8. The price of an elk license in Colorado isn’t as big of a concern as the unlimited nonresident hunting is. Nearly every western state limits nonresident tags to 10%, with Wyoming at a high of 16% and New Mexico at the low of 6%. Most states have no OTC tags. Colorado has virtually unlimited hunting with a large part of the state OTC in both archery and rifle seasons. It’s a free-for-all and nonresidents are around 75% of the hunters in the archery season in OTC areas. That’s absurd and affects the quality of the hunting for everyone. Every nonresident I asked said they would prefer to hunt every 2-3 years if the hunting pressure could be reduced….it’s literally a zoo out there. Colorado needs to open up more of the state to residents and limit EVERY unit to nonresidents at some point under 15%. I started bowhunting Colorado (my home for 60+ years) in 1991 and it was an incredible experience at that time. Now it’s hard to find a camping spot. I won’t use my 19 elk points on a 0-10 point area and they refuse to address point creep for which there’s a reasonable solution. We don’t need more hunters as the money-hungry G&F departments seem to think.

  9. I’m 35 and from my experiences most people I see out there elk and deer hunting in CO at least are 10-20 years my superior. Some people younger or my age, but the tech society, kids and their phones, has limited new entrants the last 20 years. But boomer-aged folks right now are at their highest wage points in their careers, with access to most time off they’ve ever had (company’s are also giving more these days). Most can can afford high tag prices, the expensive gear, ATVs/UTVs, oversized fifth wheels and all the other stuff and extra people that non-rese’s bring to CO each fall. A benefit to local businesses for sure, but residents will fill the gaps. Once all the boomers start aging out of hunting abilities in the next 10-20 years I’m guessing the supply of tags and quality of hunt opportunities increases again.

  10. You can slice it any way you want to Jaden. I have hunted the western states of CO, MT, and WY since 1994 and have thoroughly enjoyed my experiences and am really sad to say that due to the greedy game and fish departments of all of these states myself and numerous others that I make these annual outings with have thrown in the towel. We are thru and will spend our $$ closer to home. I would like to call for all NR hunters who predominantly spend their money to hunt on PUBLIC land to boycott the west. Then see how these G&F departments like it when they lose their livelihoods because they can no longer afford to stay afloat. There are a lot of us that are just sick and tired of these states unfairly paying for the cost of doing business off the backs of the non resident sportsman. The disparity between the NR’s vs residents is an absolute joke. I have accumulated numerous point across these states and spent a lot of money doing so but I am withdrawing from their ridiculous game. They will not be getting any more of my money. I just feel sorry for all of the local businesses in these states if more non residents feel like me and decide to quit coming.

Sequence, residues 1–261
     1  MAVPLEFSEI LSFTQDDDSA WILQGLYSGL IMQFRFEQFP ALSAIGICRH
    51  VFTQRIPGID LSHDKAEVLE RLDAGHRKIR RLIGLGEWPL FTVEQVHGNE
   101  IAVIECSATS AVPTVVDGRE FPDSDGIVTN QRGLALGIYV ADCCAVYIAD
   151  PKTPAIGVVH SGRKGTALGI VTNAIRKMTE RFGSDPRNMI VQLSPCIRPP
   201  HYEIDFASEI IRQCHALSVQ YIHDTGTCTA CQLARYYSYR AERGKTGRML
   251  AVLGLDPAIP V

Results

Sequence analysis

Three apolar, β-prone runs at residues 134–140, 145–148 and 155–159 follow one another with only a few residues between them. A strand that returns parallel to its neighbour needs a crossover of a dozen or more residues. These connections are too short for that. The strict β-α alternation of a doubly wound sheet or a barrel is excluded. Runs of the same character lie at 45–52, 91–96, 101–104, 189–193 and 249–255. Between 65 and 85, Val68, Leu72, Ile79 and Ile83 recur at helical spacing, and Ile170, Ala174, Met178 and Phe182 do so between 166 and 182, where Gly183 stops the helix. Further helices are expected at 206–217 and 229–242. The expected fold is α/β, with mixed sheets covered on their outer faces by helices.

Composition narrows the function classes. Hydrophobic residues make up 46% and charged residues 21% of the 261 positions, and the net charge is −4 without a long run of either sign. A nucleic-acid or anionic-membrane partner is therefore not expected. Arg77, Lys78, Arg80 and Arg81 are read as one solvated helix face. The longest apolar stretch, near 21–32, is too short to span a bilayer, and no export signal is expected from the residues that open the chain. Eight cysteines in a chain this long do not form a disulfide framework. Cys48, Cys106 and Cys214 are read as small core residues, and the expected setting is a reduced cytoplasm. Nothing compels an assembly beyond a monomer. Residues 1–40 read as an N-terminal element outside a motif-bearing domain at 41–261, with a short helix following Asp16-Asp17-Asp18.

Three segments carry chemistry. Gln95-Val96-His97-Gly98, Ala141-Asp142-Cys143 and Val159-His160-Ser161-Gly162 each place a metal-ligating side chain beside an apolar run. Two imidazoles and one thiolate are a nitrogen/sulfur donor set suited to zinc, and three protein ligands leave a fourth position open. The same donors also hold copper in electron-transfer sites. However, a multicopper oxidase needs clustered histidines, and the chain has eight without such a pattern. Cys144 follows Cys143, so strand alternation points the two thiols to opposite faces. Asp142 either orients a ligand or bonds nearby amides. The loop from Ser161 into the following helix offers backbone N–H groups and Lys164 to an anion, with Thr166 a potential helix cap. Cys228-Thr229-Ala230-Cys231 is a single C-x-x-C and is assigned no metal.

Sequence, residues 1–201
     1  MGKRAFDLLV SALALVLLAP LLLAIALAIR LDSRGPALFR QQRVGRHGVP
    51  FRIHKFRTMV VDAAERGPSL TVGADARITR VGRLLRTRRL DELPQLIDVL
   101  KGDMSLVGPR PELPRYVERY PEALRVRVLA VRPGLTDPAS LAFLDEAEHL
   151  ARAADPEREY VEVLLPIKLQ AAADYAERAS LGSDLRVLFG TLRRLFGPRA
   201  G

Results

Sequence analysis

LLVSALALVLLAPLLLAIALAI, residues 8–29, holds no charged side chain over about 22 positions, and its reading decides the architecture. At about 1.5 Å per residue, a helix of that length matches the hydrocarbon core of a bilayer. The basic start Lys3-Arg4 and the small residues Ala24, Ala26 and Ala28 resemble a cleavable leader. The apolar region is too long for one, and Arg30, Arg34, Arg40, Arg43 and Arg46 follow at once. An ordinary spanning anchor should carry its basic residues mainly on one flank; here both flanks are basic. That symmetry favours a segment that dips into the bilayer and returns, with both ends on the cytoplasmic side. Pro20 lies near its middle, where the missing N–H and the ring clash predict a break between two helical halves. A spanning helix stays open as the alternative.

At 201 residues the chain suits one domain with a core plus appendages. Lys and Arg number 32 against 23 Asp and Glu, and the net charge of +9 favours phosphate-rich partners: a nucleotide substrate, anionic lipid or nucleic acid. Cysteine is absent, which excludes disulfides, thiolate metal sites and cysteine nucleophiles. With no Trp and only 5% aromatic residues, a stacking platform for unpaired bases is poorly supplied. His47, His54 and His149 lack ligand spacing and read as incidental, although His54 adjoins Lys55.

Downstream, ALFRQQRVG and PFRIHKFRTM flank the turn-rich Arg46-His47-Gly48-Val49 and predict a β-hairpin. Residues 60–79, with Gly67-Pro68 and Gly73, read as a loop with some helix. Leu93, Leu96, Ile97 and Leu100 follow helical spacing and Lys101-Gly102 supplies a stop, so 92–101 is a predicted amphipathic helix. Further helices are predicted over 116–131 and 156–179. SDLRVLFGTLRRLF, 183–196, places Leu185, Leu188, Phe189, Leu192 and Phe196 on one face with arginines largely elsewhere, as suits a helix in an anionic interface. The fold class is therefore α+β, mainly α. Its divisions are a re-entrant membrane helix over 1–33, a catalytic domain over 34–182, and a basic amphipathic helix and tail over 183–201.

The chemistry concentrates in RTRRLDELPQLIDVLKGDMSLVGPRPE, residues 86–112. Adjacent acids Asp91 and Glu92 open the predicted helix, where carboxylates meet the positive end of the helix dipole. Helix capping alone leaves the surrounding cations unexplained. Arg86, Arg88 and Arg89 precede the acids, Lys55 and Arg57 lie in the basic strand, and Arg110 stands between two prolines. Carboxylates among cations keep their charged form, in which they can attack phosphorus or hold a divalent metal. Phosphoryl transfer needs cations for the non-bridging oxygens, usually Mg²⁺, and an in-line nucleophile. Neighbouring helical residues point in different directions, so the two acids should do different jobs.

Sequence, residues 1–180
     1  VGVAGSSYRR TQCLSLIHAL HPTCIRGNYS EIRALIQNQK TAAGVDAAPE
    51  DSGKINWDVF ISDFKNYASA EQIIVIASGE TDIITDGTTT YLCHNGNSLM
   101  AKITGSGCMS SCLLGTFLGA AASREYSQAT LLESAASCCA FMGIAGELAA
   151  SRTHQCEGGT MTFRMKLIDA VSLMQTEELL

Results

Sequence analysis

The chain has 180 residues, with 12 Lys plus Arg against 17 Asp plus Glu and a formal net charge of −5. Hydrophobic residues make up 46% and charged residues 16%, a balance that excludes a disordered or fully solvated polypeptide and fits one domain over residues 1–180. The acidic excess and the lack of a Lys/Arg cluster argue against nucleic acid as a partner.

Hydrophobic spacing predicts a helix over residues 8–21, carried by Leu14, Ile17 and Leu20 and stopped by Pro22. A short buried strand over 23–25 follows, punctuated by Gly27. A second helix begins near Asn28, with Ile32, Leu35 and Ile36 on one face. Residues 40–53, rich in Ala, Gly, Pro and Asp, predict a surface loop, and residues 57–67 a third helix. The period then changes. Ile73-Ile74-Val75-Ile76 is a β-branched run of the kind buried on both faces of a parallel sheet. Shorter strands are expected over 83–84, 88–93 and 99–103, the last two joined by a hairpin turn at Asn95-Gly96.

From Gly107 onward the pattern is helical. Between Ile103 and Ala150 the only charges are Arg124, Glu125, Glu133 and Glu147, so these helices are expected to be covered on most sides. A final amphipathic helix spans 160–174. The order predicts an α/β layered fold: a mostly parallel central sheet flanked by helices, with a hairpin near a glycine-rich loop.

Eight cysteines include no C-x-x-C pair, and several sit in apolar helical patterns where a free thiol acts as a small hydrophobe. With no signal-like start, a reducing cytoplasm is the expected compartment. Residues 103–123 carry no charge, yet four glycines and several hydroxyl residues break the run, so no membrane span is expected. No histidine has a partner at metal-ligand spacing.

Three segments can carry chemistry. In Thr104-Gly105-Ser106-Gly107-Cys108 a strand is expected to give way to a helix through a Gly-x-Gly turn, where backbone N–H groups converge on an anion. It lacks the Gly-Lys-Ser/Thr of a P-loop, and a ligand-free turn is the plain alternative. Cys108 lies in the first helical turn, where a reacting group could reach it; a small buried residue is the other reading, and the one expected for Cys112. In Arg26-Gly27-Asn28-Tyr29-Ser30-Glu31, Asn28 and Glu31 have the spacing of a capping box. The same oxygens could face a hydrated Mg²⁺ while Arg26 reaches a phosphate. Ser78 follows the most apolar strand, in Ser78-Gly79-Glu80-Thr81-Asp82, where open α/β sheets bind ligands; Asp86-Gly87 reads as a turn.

11. Well written article looking at issues from all sides. Nice analysis showing license fees in relation to inflation and cost of living. Seems the main issue in the article and comments in supply and demand for Non-resident tags. States cap non resident tags and demand is there at the current prices. Not much need for states to modify or change. Not saying its great or agree but the reality.

  12. The article seems to truly on care to compare licensing costs. Hell if I only had to pay for a license as a NR I wouldn’t believe western hunting is a rich mans game. Where the problem really comes in relation to cost is the gas/food/lodging and all not simply increasing by a mere 5% over inflation but by 50% with gas, lodging coming in at almost 400% higher and food being nearly double. That with the added hunting pressure in most states makes for a long trip burning money only to be tripping over other hunters. Maybe it’s not a rich man’s game per se but it’s definitely a game that takes months of planning and time spent only to get there opening day and run into more people than animals.